2. First-In-First-Out (FIFO)- It involves the selling of old goods as early as possible, to avoid spoiling.
  3. Last-In-First-Out (LIFO)- It involves the selling of new stock, it impacts the taxes and it does not suit the perishable goods.
  4. Minimum Order Quantity (MOM)- It follows a rule, where the sellers set a minimum amount of orders, to achieve discounts and reduce the shipping bills.
  5. Economic Order Quantity (EOQ)- It involves the calculation of optimal order, which reduces the inventory costs and ordering expenses.

We have talked enough about the Stock. Now, we will talk about Supply.

What is Supply?

The quantity of goods and services available in the market is called Supply. It is available only if the producers are willing to keep it and are able to offer it to the consumers. The goods and services have varying price ranges. Then it is influenced by various factors like → how much it is produced, what the costs are employed, what the market wants, and how much technology has advanced. So, to understand how much supply must be given to the market, a consumer must keep in mind factors like price volatility, and overall market equilibrium.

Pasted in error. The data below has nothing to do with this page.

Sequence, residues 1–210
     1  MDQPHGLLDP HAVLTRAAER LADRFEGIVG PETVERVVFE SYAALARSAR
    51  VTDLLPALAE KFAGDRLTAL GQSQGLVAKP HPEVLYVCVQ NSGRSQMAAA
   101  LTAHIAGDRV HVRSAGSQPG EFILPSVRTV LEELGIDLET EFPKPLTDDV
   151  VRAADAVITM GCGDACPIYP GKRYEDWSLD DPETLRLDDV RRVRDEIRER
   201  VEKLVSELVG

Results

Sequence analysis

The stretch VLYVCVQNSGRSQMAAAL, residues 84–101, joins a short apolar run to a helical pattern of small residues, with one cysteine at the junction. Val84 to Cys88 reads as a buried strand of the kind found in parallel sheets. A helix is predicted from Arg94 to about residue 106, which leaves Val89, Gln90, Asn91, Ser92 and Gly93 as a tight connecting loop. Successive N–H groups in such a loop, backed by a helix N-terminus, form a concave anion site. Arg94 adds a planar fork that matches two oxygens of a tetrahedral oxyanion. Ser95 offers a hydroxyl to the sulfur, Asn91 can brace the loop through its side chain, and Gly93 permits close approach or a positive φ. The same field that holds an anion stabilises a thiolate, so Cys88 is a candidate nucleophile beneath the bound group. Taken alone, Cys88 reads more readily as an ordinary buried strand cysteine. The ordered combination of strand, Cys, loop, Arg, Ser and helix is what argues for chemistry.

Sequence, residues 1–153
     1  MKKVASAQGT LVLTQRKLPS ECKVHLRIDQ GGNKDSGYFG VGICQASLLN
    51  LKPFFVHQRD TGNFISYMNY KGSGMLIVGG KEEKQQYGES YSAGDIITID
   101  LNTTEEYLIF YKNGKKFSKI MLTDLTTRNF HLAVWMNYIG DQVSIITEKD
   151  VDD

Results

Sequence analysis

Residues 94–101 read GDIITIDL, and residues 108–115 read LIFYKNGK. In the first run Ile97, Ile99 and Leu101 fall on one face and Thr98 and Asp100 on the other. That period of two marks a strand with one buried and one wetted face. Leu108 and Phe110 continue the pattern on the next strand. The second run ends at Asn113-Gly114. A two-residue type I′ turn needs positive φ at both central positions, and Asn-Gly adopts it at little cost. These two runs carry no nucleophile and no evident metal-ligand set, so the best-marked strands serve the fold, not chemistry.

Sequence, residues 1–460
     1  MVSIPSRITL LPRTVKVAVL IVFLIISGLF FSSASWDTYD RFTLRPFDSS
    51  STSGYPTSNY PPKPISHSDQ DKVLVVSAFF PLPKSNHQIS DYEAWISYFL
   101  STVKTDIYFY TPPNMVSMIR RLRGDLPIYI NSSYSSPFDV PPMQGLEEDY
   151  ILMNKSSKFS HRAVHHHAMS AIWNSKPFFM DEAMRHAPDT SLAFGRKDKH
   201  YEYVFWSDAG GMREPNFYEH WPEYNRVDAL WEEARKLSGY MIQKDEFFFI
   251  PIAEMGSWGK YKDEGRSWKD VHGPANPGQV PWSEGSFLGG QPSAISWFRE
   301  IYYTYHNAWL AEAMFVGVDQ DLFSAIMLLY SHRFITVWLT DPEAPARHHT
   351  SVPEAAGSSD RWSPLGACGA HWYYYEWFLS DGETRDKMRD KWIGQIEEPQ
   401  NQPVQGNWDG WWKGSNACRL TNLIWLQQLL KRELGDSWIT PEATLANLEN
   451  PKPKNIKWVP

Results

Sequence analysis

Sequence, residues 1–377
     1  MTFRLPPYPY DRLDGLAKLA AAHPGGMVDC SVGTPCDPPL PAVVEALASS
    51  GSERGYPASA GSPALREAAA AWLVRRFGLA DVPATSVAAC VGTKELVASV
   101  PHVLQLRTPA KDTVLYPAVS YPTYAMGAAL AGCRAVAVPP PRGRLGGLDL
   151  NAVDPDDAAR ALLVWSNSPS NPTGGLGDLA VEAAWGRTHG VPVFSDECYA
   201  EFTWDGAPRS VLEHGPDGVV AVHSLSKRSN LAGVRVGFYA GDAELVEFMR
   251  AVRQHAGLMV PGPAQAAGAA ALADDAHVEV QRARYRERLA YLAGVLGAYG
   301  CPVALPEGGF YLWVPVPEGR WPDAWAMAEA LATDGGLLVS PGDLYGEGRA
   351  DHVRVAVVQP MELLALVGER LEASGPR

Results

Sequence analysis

Elasticity of Supply (Supply in Economics)

It is a concept in Economics that says how much the supply varies with the change in the price of the services or goods provided. There are various types of Elasticity in Economics, those are:

  • Elastic Supply- Under this type of Supply, a small change in the price leads to a higher change in the number of goods or services. Agricultural Products show Elastic Supply. For example, a farmer grows wheat on his land. If the price of wheat increases, then he will put more land under wheat cultivation. Thus, resulting in a rise in the quantity of wheat.
  • Inelastic Supply- It is the complete opposite of Elastic Supply. Under this supply, the change in price shows little effect on the change in quantity. Prescription medicines are the best example. Drugs are available in limited quantities. So, if the price increases it causes a little difficulty in increasing the supply.